Enzymatic Activities and Soil Carbon Sequestration Strategies

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The expression "enzymatic activities" is usually preferred to "enzymes," the reason being that applied methods do not isolate and measure the enzyme itself in soils, but quantify (mainly by absorbance or fluorescence) the rate of transformation of an enzyme substrate added to soil. Already in the 1940s a paper was published reporting the effect of copper nitrogen complex on soil potential nitrification, as assessed by this substrate-induced approach (Lees 1946), and it was followed by a series of pioneering works on the location and activities of enzymes in soils

Table 7.1 Number of published literature on enzymes and PLFAs in soil as related to compost and tillage treatments

Search word

<2008

2008

2009

2010

2011

Total

Soil* AND enzym*

10,388

1,188

1,290

1,337

135

14,338

Soil* AND enzym* AND compost

220

48

55

56

3

382

Soil* AND enzym* AND tillage

124

16

27

33

3

203

Soil* AND PLFA*

502

113

95

109

18

819

Soil* AND PLFA* AND compost

19

4

1

5

0

29

Soil* AND PLFA* AND tillage

20

4

3

6

3

36

The enquiry was carried out on Scopus database in February 2011 among titles, abstracts and keywords

The enquiry was carried out on Scopus database in February 2011 among titles, abstracts and keywords

(McLaren 1954; McLaren et al. 1957). From then on, the assessment of enzymatic activities (or more generally biological activities, as in the case of nitrification, where a series of enzymatic activities is involved) has become widely popular. A search on the Scopus scientific database using "soil*" and "enzym*" as search words among titles, abstracts and keywords gives a total 14,332 published papers, with more than a thousand papers per year (Table 7.1). If the search is restricted adding either "compost" or "tillage," the number of published papers is, respectively, 382 and 203, with a slight increase in the last years.

Numerous reviews about enzymatic activities have been published in the last years (e.g., Dick 1992; Tabatabai et al. 2002; Nannipieri et al. 2003; Caldwell 2005), as well as a number of books (Burns 1978; Dick and Burns 2002). Thus, the aim of this chapter is not to provide a further review on the topic but to analyse the evidence available in literature on the effects of organic fertilization and tillage on soil enzymatic activities and to assess whether some general conclusions can be drawn from this critical bibliographic investigation.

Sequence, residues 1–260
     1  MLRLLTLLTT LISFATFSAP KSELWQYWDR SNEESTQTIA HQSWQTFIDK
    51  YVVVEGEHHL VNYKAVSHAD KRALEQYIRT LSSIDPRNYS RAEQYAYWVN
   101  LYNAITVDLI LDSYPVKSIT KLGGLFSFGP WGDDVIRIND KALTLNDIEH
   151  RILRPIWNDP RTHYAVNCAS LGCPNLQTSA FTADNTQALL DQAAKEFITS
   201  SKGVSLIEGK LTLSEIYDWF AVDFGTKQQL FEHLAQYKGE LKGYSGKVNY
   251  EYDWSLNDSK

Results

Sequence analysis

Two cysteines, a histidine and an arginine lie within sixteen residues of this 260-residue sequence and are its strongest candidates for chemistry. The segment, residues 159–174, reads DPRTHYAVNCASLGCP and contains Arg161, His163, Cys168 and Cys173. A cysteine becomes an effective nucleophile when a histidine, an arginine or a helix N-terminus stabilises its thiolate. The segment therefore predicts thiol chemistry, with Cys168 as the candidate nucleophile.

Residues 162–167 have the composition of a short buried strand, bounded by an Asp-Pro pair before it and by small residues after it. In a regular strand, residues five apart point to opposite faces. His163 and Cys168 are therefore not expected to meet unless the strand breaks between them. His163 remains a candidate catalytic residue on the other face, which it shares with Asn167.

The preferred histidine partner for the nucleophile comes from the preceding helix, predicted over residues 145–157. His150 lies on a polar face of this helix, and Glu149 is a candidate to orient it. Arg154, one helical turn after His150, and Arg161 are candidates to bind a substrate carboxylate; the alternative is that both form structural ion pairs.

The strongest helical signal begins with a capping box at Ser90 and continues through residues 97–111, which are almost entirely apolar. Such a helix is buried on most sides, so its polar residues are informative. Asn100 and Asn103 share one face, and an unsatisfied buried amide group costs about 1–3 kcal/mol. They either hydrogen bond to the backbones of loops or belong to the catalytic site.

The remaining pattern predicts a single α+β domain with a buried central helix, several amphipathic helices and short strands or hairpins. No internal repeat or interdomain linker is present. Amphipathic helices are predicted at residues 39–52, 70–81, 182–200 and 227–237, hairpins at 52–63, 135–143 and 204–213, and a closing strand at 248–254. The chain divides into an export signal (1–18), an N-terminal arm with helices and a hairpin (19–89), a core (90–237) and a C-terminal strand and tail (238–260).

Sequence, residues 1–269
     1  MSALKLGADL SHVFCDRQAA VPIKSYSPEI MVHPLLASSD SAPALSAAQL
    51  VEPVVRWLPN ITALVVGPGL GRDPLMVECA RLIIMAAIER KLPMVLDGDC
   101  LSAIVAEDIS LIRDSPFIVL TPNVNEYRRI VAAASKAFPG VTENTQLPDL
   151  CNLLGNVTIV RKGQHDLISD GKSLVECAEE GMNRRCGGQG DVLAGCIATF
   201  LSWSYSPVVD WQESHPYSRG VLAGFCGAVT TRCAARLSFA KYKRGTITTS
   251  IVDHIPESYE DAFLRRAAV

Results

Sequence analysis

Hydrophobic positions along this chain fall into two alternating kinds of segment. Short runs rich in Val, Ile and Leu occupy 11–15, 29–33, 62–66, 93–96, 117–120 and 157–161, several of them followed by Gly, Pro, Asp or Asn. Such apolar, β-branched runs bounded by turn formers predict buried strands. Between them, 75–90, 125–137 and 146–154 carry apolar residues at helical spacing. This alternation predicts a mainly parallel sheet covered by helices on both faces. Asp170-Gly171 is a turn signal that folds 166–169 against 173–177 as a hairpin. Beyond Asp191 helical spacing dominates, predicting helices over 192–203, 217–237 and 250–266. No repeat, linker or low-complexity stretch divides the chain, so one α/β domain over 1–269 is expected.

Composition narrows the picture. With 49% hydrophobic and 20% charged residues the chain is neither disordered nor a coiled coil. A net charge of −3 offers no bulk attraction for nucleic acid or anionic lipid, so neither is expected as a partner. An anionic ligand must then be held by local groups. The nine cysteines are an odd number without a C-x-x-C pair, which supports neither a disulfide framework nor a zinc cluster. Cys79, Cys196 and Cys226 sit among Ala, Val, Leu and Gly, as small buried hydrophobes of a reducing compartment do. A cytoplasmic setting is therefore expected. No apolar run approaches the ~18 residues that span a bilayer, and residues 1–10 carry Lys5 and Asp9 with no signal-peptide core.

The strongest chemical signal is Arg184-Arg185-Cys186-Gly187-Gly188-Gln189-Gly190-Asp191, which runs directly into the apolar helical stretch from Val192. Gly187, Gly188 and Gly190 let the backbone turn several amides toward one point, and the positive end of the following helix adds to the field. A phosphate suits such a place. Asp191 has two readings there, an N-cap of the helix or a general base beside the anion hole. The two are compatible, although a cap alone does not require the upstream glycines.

Soil enzymatic activities are related to the majority of ecological processes in soils such as soil organic matter decomposition, cycling of nutrients, and detoxification of undesired compounds, such as pesticides and other organic contaminants. Enzymes play a main role in relation to presence and activities of soil microorganisms, since their catalytic activity toward transformation of organic substrates allows liberation of the necessary energy for their activities (Kiss et al. 1978) and promotes soil fertility by releasing nutrients for plants growth. Soil enzyme activities have been suggested as suitable indicators of soil quality for a number of reasons: (1) they are an index of soil microbial activity and, thus, they are strictly related to nutrient cycles and transformations; (2) they may rapidly respond to changes in soil caused by both natural and anthropogenic factors; (3) they are easy to measure (Calderon et al. 2000; Drijber et al. 2000; Nannipieri et al. 2002). The information given by a single enzymatic activity is of course important but limited. This is why most works usually consider a range of enzymatic activities, eventually condensing all information in numerical indices obtained by different approaches. In a recent review paper, 13 indexes based on soil enzymatic activities were discussed (Bastida et al. 2008).

Here we present the outcomes of an extended bibliographic review carried out in order to assess, identify, and interpret possible trends in the response of the main experimental factors studied in MESCOSAGR project: organic fertilization (Table 7.2) and reduced or no tillage (Table 7.3). Among the papers cited in Table 7.1, only the ones which allowed extrapolation of quantitative data were selected.

Fourteen studies dealing with the effects of organic fertilizers on soil enzymatic activities have been reviewed. Twelve enzymatic activities have been considered, namely arylsulphatase, p-glucosidase, phosphatase, fluorescein diacetate hydrolysis activity (FDA), urease, dehydrogenase, invertase, phenoloxidase, catalase, protease, nitrate reductase and amylase. For each study the type and amount of organic fertilizer applied is reported, together with information (when available) on soil texture and taxonomy. Soil textures ranged from sandy to clay, whereas 11 different soil types were considered (Table 7.2).